A Minnesota representative Steven Simon in a house debate on an amendment to ban same-sex marriage in that state asks, "How many more gay people does God have to create before we ask ourselves whether or not God actually wants them around?"
I find his argument with the pastor particularly interesting, where the pastor said that sexuality was a gift from god and therefore we must do what his authoritative god says to do with it, and Simon responds that the best way to honor it is to listen to it and to decide for oneself how to use it.
I'm not particularly religious and I'm definitely not Christian, but his argument is fundamentally philosophical and represents the difference between two different views on sexuality in the West. One values individualism, challenging authority, and self-reflection, the other values order, simplicity, and group-think.
I already know which side I come down on, although most people probably fall somewhere in between. While there are lots of gay people who think that the orientation is up to them, there are plenty who think that there should still be some sort of rules, something that's forbidden for no reason at all, because being without rules leads to insecurity. There are straight people who think the former view applies to them and the latter to others. There are people who are fine with some aspects of sexuality existing (not participating in them, but just knowing they go on), but not with others.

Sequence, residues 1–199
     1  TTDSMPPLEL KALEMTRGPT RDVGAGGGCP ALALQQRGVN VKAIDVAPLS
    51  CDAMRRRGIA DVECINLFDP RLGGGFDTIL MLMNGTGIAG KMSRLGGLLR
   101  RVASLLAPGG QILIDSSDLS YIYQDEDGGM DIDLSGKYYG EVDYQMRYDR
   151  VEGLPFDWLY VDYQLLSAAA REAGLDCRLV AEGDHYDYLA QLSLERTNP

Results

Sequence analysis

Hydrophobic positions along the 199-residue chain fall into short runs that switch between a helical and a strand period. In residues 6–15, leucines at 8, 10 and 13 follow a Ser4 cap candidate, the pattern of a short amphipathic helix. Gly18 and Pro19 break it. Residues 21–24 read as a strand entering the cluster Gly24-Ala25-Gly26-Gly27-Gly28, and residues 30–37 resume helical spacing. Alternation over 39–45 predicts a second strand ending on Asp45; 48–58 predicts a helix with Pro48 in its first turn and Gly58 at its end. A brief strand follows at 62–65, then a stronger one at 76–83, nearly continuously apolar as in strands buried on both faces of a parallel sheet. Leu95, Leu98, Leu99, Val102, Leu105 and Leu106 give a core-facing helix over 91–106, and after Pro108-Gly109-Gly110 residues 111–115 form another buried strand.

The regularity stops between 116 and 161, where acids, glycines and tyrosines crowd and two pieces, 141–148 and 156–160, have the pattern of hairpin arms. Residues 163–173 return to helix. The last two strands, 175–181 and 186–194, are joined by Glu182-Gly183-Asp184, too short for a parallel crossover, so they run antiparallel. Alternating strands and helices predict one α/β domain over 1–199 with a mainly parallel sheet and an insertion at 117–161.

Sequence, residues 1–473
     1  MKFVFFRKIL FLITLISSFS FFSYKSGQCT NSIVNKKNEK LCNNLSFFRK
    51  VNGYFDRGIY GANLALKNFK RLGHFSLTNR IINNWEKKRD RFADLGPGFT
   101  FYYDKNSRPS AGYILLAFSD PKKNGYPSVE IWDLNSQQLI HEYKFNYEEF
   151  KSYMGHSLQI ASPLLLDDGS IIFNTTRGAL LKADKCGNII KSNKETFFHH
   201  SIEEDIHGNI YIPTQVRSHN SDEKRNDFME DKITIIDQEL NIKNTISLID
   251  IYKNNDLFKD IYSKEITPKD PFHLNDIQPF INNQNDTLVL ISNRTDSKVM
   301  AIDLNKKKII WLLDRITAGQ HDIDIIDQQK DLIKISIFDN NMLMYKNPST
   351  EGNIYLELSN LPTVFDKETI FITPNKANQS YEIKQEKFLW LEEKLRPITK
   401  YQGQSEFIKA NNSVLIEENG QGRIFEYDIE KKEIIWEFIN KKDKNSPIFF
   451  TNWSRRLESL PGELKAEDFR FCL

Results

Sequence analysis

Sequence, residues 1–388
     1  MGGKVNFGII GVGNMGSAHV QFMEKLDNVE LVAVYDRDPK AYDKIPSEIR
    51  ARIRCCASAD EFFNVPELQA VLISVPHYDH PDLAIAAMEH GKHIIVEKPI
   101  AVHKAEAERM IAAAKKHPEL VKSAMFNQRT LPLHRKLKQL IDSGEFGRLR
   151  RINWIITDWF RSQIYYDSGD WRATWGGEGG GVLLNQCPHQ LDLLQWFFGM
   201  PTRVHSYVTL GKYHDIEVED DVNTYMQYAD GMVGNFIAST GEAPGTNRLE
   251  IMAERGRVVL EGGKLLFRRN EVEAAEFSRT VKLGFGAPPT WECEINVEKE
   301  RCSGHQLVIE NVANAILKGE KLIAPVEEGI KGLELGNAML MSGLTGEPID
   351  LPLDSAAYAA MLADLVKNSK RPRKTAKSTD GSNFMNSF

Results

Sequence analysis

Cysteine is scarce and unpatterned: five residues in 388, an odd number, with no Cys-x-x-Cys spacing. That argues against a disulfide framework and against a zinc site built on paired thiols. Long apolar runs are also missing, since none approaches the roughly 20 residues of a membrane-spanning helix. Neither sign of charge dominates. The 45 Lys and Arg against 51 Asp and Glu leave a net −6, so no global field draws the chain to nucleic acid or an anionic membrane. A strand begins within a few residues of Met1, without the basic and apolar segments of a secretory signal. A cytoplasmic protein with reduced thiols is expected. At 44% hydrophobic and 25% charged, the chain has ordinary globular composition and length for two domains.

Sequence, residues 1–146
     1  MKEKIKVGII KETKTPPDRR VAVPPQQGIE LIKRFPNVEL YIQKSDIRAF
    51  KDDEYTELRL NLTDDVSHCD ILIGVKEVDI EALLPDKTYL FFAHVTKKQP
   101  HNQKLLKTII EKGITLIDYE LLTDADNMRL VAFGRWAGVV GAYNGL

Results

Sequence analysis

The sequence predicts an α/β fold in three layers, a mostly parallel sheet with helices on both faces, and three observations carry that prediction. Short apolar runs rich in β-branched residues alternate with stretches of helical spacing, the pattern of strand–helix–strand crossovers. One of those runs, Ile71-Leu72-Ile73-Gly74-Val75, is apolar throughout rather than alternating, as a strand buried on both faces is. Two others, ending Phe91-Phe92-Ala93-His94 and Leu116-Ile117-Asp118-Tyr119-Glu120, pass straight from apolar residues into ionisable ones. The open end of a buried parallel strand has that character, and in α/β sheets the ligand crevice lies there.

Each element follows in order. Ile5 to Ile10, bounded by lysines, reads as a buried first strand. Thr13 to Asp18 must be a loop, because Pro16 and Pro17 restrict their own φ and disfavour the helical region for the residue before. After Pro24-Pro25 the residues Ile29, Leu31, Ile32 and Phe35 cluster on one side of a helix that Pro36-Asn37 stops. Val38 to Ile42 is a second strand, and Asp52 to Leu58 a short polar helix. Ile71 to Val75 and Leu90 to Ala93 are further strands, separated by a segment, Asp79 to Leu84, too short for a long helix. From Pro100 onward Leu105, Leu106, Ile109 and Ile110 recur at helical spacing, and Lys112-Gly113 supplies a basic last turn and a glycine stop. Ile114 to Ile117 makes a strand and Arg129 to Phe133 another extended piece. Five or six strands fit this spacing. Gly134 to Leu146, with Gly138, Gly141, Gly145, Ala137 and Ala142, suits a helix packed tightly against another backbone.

It depends on what god we're talking about at a given moment - a god that has prescribed a life to you that looks suspiciously like what contemporary, conservative Americans want it to look like or one who thinks that each person is an individual - and what a person thinks about sexuality - an unimportant, controllable force that's a necessary evil for producing life or an uncontrollable force that asks us to connect with one another.
We shouldn't be fooled into thinking that, when god is brought up in these debates, that people do that as anything besides a proxy for a more abstract philosophical discussion.